The True Cost of the Intel Sandy Bridge Cock-Up
Like a childhood popstar brimming with potential, Intel's new Sandy Bridge platform has gone from industry sweetheart to crack-addled monster in the blink of an eye. It greeted the world with a proud smile, wooing enthusiasts with its massive overclocking headroom, while also luring anyone interested in low power consumption and quiet PCs. We were blown away by the new CPUs when we first reviewed them
, and it's now difficult to believe that this was just last month. Since then, however, the whole Sandy Bridge parade has been well and truly soiled by a flaw
in Intel's supporting 6-series chipset.
After pledging to ship out sacks of fixed chips, as well as helping its OEM partners with any recall and replacement processes, Intel estimates that the whole fiasco is going to cost it at least $1 billion ($300 million in terms of lost revenue, and $700 million in terms of repair and replacement costs). That's a noble gesture, you might think, but this in no way represents the total cost to the industry of the whole situation.
Intel estimates that the 6-series chipset fiasco is going to cost it around $1 billion, but what other costs are there?
We decided to try to find out how the Sandy Bridge platform issue was really affecting the industry, but this wasn't easy. Out of over 20 companies we asked to take part, only a select few agreed to comment, and most of those were only prepared to do so on an anonymous basis, often giving us just a couple of sentences. Of course, this isn't just because Intel has a reputation for throwing its weight around, but also because some companies don't want to publicly reveal their financial situation ahead of any official statements.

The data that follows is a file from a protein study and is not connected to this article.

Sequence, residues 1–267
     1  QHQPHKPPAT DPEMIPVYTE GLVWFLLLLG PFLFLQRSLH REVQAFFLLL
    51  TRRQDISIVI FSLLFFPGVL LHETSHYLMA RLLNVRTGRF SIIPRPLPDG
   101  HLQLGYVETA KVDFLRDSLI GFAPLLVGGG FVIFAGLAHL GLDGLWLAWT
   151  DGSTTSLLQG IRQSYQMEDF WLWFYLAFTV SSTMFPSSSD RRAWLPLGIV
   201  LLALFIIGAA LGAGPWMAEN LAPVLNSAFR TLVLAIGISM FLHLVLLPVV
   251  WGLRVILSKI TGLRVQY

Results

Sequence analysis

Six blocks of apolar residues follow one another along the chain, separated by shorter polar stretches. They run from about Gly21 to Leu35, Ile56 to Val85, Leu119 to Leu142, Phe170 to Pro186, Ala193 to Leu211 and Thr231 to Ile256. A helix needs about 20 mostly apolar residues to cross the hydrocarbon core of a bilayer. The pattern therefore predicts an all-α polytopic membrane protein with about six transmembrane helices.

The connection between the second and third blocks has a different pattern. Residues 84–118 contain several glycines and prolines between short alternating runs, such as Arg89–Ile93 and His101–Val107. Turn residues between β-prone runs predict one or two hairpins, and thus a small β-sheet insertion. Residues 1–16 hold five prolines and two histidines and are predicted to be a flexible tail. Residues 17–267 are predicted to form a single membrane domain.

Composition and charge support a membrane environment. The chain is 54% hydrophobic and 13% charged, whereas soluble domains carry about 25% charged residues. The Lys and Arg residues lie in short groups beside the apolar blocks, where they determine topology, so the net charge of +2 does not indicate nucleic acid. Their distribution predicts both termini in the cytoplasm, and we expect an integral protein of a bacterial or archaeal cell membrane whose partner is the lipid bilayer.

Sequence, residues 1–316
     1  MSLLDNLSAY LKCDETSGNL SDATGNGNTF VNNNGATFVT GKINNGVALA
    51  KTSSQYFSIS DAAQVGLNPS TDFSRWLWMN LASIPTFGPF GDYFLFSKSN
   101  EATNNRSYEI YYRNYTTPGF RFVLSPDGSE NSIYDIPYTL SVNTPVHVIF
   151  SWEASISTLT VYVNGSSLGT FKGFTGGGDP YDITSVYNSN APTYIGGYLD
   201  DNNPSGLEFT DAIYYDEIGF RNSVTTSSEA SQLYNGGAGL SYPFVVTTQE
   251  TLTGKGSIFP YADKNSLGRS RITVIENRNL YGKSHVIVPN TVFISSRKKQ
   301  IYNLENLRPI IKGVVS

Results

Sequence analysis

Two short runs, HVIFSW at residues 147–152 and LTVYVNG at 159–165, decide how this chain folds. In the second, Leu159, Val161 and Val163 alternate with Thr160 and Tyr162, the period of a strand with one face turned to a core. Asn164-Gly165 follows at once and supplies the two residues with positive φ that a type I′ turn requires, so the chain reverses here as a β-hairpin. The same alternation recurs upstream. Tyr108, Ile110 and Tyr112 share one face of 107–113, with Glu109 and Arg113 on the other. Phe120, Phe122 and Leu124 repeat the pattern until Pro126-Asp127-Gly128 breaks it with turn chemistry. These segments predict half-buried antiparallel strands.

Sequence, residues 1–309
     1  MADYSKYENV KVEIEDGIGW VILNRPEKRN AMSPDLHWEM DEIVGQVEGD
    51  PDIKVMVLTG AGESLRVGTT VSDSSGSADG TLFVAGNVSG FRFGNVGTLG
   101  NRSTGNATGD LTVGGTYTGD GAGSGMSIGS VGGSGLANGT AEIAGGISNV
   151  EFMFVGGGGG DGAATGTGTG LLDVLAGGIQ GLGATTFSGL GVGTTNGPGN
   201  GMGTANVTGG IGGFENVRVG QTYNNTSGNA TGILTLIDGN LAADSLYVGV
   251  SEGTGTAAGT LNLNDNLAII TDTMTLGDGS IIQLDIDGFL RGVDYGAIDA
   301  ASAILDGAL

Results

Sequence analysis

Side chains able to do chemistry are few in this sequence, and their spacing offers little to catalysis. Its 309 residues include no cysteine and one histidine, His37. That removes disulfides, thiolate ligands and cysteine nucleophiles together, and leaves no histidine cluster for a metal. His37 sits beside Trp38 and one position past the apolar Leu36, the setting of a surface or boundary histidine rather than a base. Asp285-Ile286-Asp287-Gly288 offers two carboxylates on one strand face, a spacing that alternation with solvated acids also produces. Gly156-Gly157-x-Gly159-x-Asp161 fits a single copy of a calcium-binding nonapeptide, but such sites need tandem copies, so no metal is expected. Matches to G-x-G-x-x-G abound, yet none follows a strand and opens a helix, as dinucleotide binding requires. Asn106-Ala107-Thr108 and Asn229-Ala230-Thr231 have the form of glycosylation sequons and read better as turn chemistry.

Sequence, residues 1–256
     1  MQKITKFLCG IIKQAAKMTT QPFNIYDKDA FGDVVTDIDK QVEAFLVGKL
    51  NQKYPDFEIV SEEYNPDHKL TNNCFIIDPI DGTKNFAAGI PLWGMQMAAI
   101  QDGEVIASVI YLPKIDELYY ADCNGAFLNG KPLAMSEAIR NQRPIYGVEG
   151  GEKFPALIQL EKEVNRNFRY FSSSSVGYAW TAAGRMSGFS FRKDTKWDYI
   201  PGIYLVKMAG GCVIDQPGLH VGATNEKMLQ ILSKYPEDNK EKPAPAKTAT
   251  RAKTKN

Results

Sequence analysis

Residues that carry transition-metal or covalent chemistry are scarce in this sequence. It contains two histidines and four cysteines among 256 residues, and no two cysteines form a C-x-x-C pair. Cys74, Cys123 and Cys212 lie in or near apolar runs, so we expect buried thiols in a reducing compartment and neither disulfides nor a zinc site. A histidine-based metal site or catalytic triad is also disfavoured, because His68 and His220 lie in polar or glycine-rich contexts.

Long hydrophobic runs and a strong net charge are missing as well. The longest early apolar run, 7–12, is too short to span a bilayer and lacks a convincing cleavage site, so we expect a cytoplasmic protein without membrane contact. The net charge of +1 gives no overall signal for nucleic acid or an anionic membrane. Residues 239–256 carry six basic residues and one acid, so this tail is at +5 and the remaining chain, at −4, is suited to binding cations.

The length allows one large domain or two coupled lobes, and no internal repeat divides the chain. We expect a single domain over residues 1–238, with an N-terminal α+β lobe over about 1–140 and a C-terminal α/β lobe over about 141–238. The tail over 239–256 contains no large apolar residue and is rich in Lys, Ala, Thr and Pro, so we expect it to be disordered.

But before we get on to the true cost of the Sandy Bridge cock-up, let's clarify the issue itself. We spoke to Intel's senior communications manager David Salvator in the US about this, who confirmed that 'the potential chipset issue involves a circuit layout design for second-gen SATA ports 2-5.
He also noted that 'ports 0 and 1, which are third-gen SATA, are unaffected by this issue.'
We won't go into the full details of the causes of the issue here, but the problem basically concerns a transistor in the 3Gbps SATA circuit with an exceptionally thin gate oxide, which is fine if you want to switch on the transistor using a very low voltage, but it results in a lot of leaking current if you apply too much voltage to it, which is what's happening in some of Intel's 6-series chipsets.
Intel says the issue could cause 'degradation'
over time, but what does this actually mean? Salvator explained that 'for a small number of systems using the Intel 6-series chipsets, second-gen SATA ports (2-5) could stop working, and any devices connected to those SATA ports would no longer be visible to the system.'
Salvator also added that 'Intel now uses additional validation tests - the ones used to detect this issue - to ensure this chipset issue doesn’t occur again.'
The current estimate floating around for the number of chipsets affected is 110,000 out of around 8 million chipsets that have been shipped.
The issue affects the 3Gbps SATA ports (2-5), but the 6Gbps SATA ports (0 and 1) are unaffected
So how big a deal is this, really? The answer depends on who you ask, and some people's reaction is to say that it's really an insignificant issue. After all, how many people really need all six SATA ports, particularly when motherboards such as the Asus P8P67
include a separate 6Gbps Marvell SATA controller anyway?
'The severity of the situation is relatively low,'
a spokesperson from one retailer told us, 'and it doesn't affect everyone who wants Sandy Bridge – especially overclockers – some people are quite happy to put up with the issue on the basis that it's just a three-year degradation, and by that time they'll have probably binned the board and gone on to the new technology, whatever that is.'